Hello, I'm not the same person but I am doing A-Level German. On a word about picking French because the grammar is easier do not be fooled. Romance languages have grammar/word order etc. that's very similar to English at first, so it doesn't seem to difficult. But as you go further on, you realise at A-Level the grammar in romance languages will step up a lot, whereas German is honestly not that difference to GCSE minus the subjunctive and passive.

I haven't actually done A Level French, but I've spoken to people before who do it and they say they couldn't believe how much more difficult the grammar got and seem to reallyyyy struggle with it.

I can't vouch for the current spec of German as it's different to the one I'm on, but it's definitely fun. You should really consider it; some of the topics in AS are a bit bland like media/fashion, but when you get to A2 and have full on debates, learn history and do cultural analysis, it's a wild party.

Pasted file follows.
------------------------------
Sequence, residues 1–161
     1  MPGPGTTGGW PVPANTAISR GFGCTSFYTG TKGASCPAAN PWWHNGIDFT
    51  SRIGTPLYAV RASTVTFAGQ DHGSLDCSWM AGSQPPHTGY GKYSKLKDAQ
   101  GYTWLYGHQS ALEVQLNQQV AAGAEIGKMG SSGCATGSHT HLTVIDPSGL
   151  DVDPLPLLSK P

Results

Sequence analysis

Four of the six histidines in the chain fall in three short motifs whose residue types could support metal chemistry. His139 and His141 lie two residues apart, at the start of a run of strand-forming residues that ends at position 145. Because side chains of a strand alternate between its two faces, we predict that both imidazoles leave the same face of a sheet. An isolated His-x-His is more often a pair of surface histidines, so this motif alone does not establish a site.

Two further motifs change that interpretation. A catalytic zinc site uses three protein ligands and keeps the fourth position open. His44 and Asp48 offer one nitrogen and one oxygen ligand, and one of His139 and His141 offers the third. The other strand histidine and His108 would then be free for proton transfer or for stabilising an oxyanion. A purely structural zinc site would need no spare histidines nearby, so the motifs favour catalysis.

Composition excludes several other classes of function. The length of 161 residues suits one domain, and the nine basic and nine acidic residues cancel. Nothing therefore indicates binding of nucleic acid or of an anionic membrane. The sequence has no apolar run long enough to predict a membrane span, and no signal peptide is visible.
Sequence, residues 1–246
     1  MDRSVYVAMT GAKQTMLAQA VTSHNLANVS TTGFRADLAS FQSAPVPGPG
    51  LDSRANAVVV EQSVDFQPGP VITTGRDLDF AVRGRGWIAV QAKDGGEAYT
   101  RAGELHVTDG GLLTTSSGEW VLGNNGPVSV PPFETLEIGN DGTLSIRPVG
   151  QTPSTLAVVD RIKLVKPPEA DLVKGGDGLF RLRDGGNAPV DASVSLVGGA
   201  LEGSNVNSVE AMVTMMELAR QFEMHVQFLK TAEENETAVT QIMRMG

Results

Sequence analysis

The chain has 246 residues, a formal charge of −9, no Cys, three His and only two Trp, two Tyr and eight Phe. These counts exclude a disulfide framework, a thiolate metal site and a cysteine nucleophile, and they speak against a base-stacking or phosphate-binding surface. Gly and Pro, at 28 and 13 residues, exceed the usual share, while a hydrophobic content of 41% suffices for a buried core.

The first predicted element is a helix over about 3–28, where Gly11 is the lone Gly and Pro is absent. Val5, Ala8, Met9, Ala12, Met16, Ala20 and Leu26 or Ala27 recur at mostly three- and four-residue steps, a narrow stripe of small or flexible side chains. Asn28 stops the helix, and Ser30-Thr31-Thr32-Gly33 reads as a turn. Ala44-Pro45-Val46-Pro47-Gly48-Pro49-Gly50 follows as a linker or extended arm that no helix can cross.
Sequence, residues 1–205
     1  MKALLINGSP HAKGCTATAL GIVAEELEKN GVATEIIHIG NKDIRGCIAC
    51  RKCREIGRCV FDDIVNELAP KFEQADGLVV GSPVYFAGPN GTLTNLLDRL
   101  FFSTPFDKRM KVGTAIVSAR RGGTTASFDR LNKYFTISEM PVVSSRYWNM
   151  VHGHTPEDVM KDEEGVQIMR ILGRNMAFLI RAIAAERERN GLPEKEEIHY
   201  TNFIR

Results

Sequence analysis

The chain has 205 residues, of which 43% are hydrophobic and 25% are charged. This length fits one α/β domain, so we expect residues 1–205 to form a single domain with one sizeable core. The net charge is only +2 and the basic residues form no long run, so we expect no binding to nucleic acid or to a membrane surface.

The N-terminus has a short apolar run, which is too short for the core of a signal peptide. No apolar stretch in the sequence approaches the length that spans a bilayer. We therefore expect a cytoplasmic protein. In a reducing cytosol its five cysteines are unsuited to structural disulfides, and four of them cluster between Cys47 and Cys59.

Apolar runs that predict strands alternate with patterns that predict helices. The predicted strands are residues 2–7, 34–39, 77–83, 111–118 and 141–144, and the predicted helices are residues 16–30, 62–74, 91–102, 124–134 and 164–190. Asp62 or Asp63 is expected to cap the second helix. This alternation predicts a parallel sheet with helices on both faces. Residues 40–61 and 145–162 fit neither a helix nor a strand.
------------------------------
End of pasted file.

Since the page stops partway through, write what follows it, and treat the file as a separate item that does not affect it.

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lostintrnslation
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(Original post by rumaisa_)
really ?? my teacher said it's very good for gcse but never anything like a2. i'm glad you think so, it gives me a lot more confidence

what is a-level german like? i am probably choosing french as i find the grammar easier but my speaking/accent is not so good as my german :/ would you recommend german? do you know anyone who is doing both and could compare?